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United States Department of Agriculture

Agricultural Research Service

Research Project: CHEMISTRY AND BIOCHEMISTRY OF INSECT BEHAVIOR, PHYSIOLOGY AND ECOLOGY Title: Tissue-specific PhBPBT expression is differentially regulated in response to endogenous ethylene

Authors
item Dexter, Ricahrd - DEPT ENV HORT, UF
item Verdonk, Julian - DEPT ENV HORT, UF
item Underwood, Beverly - DEPT ENV HORT, UF
item Shibuya, Kenichi - DEPT ENV HORT, UF
item Schmelz, Eric
item Clark, David - DEPT ENV HORT, UF

Submitted to: Journal of Experimental Botany
Publication Type: Peer Reviewed Journal
Publication Acceptance Date: December 3, 2007
Publication Date: February 5, 2008
Citation: Dexter, R.J., Verdonk, J.C., Underwood, B.A., Shibuya, K., Schmelz, E.A., Clark, D.G. 2008. Tissue-specific PhBPBT expression is differentially regulated in response to endogenous ethylene. Journal of Experimental Botany. 59(3): 609-618.

Interpretive Summary: Volatile chemicals produced by flowers and leaf tissues mediate complex interactions both internally within plants and also externally with other organisms. Many volatiles are believed to aid in plant resistance to insects and pathogens yet the precise role of specific chemicals is difficult to discern. To explore the function of individual volatiles, genes involved in either biosynthesis or regulation of the metabolic pathway can targeted for modification. In collaboration with researchers at the University of Florida, scientists at the Center for Medical, Agricultural and Veterinary Entomology in Gainesville, FL, have discovered that genetically silencing the gene responsible for floral benzyl benzoate synthesis, a known miticide, resulted in dramatically decreased benzyl benzoate production yet increased levels of metabolic precursors. Contrary to previous studies in petunia, plant morphology was not altered in the silenced lines. Using transgenic plants insensitive to the hormone ethylene, numerous pollination and wounding studies revealed patterns of gene expression and benzyl benzoate production that were consistent with a plant defense hypothesis. This work provides the genetic resources to examine the role of plant volatiles and highlights the importance of timing, localization, and tissue specificity as essential knowledge for examining function. Ultimately, these studies will lead to the beneficial modification of chemically mediated interactions between plants, pollinators, pathogens and pests.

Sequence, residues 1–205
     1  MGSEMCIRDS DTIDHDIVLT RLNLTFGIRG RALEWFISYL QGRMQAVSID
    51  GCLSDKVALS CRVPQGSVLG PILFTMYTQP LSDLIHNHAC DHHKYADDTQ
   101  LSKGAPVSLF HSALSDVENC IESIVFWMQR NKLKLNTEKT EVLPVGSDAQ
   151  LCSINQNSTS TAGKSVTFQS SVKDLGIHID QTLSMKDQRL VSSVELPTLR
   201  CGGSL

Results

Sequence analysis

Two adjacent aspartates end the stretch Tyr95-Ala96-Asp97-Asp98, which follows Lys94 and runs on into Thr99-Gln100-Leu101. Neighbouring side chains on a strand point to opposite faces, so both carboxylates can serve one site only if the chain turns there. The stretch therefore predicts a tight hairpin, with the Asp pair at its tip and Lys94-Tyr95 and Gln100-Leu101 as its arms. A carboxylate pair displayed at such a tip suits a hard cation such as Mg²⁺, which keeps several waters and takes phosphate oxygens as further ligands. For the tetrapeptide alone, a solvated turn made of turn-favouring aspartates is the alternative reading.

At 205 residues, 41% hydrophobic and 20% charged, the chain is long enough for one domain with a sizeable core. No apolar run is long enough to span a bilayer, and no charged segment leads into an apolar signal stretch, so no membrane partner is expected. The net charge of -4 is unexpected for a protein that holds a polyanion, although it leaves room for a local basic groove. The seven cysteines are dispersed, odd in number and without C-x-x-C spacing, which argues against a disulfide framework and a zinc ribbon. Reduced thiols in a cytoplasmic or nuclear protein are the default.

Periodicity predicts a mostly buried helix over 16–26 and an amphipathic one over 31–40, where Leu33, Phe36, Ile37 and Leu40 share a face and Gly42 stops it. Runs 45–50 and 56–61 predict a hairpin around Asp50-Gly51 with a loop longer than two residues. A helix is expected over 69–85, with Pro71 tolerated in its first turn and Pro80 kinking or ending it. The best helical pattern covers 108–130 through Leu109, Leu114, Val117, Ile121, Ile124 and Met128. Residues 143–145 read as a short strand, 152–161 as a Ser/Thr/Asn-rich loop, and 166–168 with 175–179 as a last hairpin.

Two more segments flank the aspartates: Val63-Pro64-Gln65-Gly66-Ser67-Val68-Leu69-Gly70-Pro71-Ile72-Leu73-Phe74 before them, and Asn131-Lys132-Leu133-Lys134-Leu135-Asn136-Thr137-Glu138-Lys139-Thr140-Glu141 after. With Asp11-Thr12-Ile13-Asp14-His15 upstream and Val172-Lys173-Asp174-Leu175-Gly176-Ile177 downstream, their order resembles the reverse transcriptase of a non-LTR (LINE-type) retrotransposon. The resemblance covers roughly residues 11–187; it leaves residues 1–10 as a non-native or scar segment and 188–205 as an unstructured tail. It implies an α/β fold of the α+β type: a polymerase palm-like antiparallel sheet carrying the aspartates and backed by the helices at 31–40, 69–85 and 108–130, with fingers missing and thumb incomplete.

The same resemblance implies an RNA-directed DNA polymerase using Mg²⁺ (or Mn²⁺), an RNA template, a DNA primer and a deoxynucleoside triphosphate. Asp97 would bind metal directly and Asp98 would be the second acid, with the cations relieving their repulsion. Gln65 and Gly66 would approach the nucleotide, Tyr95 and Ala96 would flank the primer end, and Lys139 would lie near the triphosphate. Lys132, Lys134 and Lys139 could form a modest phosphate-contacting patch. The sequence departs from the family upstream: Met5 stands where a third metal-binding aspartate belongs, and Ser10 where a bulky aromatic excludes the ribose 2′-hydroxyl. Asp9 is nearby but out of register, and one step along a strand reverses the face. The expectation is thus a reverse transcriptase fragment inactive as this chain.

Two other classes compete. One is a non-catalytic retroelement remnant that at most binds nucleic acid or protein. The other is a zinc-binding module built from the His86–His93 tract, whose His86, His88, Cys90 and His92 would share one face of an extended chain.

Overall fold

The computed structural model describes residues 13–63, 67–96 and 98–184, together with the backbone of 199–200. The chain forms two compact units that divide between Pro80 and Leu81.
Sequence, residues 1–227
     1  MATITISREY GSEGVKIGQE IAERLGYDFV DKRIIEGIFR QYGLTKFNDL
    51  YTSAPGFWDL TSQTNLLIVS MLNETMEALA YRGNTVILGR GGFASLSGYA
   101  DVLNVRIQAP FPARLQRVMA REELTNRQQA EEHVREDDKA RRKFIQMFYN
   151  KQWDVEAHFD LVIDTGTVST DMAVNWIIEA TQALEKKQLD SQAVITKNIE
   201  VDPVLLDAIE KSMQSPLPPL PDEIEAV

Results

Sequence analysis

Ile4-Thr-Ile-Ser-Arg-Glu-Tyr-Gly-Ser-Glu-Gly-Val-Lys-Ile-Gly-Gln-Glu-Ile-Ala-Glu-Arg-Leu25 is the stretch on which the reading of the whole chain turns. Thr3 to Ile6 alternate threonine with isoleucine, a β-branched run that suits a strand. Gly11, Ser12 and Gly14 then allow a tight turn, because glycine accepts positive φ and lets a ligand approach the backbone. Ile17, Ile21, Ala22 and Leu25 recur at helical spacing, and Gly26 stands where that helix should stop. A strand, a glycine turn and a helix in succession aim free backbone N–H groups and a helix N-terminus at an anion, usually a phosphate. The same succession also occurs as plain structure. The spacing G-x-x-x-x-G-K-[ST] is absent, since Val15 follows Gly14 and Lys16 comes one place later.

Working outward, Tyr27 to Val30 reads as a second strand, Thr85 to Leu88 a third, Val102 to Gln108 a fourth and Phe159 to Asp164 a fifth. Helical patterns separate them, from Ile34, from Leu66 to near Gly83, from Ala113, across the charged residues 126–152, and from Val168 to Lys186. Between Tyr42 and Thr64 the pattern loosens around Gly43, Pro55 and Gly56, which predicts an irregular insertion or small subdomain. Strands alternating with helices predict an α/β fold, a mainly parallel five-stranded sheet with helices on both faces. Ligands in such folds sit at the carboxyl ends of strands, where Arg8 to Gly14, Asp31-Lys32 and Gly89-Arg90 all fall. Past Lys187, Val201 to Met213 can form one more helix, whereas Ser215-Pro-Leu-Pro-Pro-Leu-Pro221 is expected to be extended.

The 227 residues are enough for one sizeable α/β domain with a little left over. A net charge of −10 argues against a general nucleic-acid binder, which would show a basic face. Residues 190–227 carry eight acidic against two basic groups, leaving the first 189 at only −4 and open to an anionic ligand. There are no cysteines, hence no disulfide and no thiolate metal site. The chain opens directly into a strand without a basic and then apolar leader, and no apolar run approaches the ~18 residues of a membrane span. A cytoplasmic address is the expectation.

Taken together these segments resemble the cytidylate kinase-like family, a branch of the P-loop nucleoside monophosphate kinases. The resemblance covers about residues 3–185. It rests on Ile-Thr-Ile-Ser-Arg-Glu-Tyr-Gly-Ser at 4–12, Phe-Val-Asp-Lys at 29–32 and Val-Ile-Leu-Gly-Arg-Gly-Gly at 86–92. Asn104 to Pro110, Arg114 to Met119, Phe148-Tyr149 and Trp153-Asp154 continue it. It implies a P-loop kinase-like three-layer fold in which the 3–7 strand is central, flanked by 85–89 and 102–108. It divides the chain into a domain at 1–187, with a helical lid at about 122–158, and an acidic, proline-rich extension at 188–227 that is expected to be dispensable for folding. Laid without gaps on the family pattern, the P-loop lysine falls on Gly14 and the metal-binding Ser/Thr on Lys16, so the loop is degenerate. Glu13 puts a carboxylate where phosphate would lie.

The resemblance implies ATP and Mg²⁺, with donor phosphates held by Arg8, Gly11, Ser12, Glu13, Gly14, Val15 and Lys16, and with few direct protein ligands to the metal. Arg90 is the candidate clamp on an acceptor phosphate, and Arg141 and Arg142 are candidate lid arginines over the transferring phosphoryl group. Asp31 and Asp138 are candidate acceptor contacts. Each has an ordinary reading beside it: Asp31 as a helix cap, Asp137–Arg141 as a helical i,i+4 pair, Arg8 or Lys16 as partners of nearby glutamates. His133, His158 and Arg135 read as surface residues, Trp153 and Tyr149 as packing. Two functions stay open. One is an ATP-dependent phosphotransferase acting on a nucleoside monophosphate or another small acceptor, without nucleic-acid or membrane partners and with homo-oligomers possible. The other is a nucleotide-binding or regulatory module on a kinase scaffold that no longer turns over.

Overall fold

Technical Abstract: Ethylene is a gaseous plant hormone involved in many physiological processes including senescence, fruit ripening, and defense. Here we show the effects of pollination and wound-induced ethylene signals on transcript accumulation of benzoyl CoA:benzyl alcohol/phenylethanol benzoyltransferase (PhBPBT), in Petunia x hybrida cv “MD Diploid” (MD). In petunia, PhBPBT is responsible for the biosynthesis of both benzyl benzoate and phenylethyl benzoate from benzyl alcohol and phenyl ethanol respectively. RNAi silenced lines, with reduced PhBPBT transcript, displayed reduced benzyl benzoate emission, and increased benzyl alcohol levels. Detailed expression analysis showed that PhBPBT is regulated by both light and an endogenous circadian rhythm, while it is also differentially regulated in response to ethylene in a tissue specific manner. Twenty-four h following pollination of MD flowers, expression of PhBPBT decreases in the corolla while it increases in the ovary after 48 h. This is caused by ethylene that is emitted from the flower coinciding with fertilization as this is not observed in transgenic ethylene insensitive plants (CaMV35S:etr1-1; 44568). Ethylene is also emitted from petunia vegetative tissue following mechanical wounding, resulting in an increase in PhBPBT expression in the leaves where expression is normally below detection levels. Indicative of this pattern of expression, we hypothesize that PhBPBT and subsequent benzyl benzoate production is involved in defense related processes in the corolla prior to pollination, in the ovary immediately following fertilization, and in vegetative tissue in response to wounding.

Last Modified: 11/28/2014
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